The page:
Mechanisms

Presented by the Wattis Institute
October 12, 2017–February 24, 2018
Bacher Menu
360 Kansas Street, Wattis Institute for Contemporary Arts (between 16th & 17th Streets)

Zarouhie Abdalian, Terry Atkinson, Lutz Bacher, Eva Barto, Neïl Beloufa, Patricia L Boyd, Jay DeFeo, Trisha Donnelly, Harun Farocki, Richard Hamilton, Aaron Flint Jamison, Jacob Kassay, Garry Neill Kennedy, Louise Lawler, Park McArthur, Jean-Luc Moulène, Pope.L, Charlotte Posenenske, Cameron Rowland, and Danh Vo. Curated by Anthony Huberman.

Opening reception: Thursday, October 12, 6:30–8:30 p.m.

Free and open to the public
More info: wattis.org

These days, machines don’t look much like machines. Many aren’t even called machines. Heavy and greasy machinery is absent from the smooth surfaces of digital interfaces and the weightlessness of cloud computing. Tool, appliance, device, apparatus, instrument, computer, hardware, software, program, server, processor, microchip, setting, algorithm, infrastructure, system, logistic, protocol, parameter—the terms for today’s machines accumulate, evolve, and overlap.

Machines are everywhere but seem to be nowhere. They are part of the air we breathe, overseeing our lives and our bodies, from the way we communicate and consume to how we trade and how we travel. Some are objects or devices, but others are systems and infrastructures—a machine can be a thing as well as a method for organizing things.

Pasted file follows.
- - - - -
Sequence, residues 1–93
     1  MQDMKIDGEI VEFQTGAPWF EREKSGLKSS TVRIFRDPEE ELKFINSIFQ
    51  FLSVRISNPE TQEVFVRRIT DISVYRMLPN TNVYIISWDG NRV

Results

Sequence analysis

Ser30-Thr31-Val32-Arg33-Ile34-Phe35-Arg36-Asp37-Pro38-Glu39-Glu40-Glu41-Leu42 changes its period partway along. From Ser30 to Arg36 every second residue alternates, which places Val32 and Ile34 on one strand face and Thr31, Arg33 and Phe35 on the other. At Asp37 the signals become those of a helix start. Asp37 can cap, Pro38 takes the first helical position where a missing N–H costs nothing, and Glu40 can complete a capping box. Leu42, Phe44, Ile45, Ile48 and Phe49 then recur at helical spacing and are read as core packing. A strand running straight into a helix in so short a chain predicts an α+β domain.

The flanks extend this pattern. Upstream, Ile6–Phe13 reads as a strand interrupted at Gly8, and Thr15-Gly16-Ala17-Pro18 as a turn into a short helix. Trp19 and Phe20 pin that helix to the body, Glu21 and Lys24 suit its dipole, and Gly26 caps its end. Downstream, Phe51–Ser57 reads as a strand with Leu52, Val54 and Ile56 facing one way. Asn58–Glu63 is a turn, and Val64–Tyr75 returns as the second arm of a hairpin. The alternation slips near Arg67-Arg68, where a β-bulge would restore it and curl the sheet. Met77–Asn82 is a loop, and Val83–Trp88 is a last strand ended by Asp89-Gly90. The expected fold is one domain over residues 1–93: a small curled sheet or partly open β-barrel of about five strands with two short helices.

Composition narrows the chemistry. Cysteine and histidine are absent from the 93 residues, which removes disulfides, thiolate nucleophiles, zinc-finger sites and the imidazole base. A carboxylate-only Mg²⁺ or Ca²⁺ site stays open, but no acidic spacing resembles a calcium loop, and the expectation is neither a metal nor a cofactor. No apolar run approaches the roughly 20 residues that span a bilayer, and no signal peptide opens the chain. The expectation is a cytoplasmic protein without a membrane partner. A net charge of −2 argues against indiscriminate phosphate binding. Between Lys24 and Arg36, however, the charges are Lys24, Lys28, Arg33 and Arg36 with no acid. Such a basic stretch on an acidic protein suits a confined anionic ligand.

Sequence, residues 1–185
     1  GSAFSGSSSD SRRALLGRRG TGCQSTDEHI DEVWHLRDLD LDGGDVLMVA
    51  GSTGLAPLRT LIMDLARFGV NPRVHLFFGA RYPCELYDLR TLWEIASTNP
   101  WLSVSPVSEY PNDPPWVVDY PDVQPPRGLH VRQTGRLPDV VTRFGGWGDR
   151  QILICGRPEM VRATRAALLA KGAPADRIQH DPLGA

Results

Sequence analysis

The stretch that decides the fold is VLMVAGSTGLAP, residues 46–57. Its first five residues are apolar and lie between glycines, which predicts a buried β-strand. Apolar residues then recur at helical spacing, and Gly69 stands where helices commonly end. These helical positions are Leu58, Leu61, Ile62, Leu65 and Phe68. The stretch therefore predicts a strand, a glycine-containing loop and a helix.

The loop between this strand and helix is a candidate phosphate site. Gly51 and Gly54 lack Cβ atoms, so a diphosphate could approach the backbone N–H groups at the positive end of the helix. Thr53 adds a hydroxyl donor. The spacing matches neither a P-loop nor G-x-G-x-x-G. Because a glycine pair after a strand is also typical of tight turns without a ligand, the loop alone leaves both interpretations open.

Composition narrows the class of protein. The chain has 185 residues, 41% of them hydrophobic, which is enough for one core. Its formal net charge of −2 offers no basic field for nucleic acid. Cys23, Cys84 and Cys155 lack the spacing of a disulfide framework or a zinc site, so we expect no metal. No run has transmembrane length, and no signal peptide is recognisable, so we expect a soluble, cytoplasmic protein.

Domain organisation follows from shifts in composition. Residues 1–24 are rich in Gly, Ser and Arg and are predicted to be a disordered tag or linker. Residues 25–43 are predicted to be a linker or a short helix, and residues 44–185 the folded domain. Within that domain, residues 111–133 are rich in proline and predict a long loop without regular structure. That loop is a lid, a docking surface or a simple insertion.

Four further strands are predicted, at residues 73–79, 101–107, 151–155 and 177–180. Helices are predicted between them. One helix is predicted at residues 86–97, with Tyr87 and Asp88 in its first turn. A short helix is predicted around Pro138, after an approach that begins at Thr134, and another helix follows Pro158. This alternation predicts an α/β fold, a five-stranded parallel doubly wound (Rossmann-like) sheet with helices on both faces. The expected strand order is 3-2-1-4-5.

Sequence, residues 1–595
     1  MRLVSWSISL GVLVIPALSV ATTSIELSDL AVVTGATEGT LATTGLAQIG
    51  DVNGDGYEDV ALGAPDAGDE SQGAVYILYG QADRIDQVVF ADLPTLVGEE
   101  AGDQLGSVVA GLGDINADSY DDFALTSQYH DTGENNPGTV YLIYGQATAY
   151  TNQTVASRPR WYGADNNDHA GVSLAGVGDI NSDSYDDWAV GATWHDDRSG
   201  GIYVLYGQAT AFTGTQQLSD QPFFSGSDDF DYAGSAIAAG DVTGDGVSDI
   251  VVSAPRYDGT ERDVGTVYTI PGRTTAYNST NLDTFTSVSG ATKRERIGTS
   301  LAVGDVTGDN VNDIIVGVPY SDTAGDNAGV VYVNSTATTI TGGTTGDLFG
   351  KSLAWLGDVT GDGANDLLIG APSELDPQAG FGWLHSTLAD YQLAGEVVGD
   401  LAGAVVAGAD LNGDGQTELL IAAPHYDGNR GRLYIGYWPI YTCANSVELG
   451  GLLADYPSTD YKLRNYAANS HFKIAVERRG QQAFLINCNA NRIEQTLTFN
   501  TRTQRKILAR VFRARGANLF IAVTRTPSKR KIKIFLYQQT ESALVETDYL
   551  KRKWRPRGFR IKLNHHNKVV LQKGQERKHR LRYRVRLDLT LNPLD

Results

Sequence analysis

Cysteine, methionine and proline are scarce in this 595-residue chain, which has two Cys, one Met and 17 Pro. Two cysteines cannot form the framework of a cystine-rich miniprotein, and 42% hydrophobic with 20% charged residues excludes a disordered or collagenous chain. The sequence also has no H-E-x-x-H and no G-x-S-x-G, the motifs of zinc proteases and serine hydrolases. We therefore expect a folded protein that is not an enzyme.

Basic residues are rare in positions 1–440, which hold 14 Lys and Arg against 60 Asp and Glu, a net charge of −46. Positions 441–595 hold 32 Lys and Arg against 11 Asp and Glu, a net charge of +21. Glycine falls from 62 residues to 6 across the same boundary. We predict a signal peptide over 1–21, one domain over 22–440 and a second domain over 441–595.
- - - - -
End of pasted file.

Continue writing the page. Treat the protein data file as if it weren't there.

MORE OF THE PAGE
Machines, like all tools, have their agendas. They embody and enforce specific regimes. They have trained us to embrace and enjoy a life of seamless connectivity and complete flexibility. They have taught us to value efficiency and standardization. They live within the bloodstream of our subjectivities, our policies, and our politics.

Art can’t stop the machine. Nothing can. Still, art can challenge the values that are favored by machines. The works in this exhibition test existing systems with inefficient mechanisms, impossible tools, and elaborate protocols that misalign outputs from their inputs.

[Image details: Lutz Bacher, Menu, (2002).]